• Fluent in chemistry as it applies to biological contexts
  • Competent in math, physics and management strategy
  • Design and execution of experiments in a wet lab
  • Communicate results and concepts to scientists and non-scientists
  • Act as point of contact for project administrators and parties
  • Provide expertise on habitat construction, ecological systems and/or biological relocations
  • Conduct data analysis
  • Apply general environmental and analytical tasks via standard scientific and/or engineering techniques

What Is the Job Demand for Biologists / Biological Scientists?

Job demand is high as it is with all STEM (science, technology, engineering, math) subjects. Presently, most countries in the developed world have a skills shortage in this area. The USA is no different. Demand is expected to grow at an average 5% between 2020 and 2030 for both microbiologists and biochemists.*

What Are the Education Requirements to Become a Biologist / Biological Scientist?

Due to the high demand, students are recommended to take their studies as far as possible. BA and BS degrees make you eligible for most entry-level jobs such as lab technicians and research assistants, but in this case prior lab experience will be vital. Most of these roles will go to master's degree graduates. Other options open to bachelor graduates include High School teaching; should you be unsuccessful with fieldwork or research, this is a strong career choice as there is certainly a shortage of teachers in science subjects.

For responsible roles on research projects, a master's is more than advantageous - near vital - as will lab work as a student. To manage one's own projects or teach in a university department, no less than a doctorate would suffice. For any advanced degree or program of study, students are strongly advised to take minors and electives in such subjects as math and statistics. Government roles will require a master's degree at the very least, as will the lucrative and competitive roles in medical research.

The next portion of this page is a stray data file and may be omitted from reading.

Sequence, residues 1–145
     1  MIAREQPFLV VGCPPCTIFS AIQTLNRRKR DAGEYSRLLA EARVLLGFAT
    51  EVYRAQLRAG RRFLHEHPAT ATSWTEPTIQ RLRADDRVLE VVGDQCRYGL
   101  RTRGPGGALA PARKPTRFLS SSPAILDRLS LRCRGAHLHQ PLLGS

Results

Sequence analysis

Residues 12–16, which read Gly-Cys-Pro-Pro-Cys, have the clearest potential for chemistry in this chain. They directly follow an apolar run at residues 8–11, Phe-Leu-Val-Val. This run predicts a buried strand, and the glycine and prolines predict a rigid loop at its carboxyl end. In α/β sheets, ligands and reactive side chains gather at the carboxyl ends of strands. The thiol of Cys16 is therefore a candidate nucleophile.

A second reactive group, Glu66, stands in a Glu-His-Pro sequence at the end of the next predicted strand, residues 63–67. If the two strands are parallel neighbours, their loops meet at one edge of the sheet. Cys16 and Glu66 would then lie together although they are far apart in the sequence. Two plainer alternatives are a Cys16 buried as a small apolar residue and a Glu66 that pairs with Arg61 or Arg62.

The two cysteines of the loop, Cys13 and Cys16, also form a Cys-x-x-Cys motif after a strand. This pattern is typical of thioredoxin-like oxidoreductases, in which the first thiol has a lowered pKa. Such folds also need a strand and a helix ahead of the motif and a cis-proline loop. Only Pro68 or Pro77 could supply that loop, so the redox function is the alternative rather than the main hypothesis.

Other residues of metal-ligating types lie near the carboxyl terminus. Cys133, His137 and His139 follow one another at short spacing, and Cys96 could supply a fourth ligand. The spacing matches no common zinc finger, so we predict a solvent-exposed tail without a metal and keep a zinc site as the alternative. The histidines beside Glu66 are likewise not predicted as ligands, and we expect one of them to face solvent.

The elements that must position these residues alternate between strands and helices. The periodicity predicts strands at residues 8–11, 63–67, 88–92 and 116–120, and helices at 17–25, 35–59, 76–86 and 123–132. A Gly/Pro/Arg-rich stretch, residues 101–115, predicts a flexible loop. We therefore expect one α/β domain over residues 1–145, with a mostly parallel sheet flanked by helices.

Biology - Related Degrees

  • Meteorology Online Degree and Certificate
  • Online Geoscience Degree
  • Forensic Anthropology
  • Anthropology Bachelor's Degree Online Programs
  • Geospatial Intelligence Analytics Degrees

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What Kind Of Societies and Professional Organizations Do Biological Scientists Have?

The following organizations are dedicated to promotion of work by Biological Oceanographers:

  • AIBS: American Institute of Biological Science's is the country's premier community of biological scientists engaging in research, practice, advisem*nt, education and public outreach. They publish academic material, provide peer review and bring together the national community
  • ASBMB: The American Society for Biochemistry and Molecular Biology is an organization dedicated to two of the most important areas of the biological sciences. Their remit is largely education; they were founded in 1906 and have over 12,000 members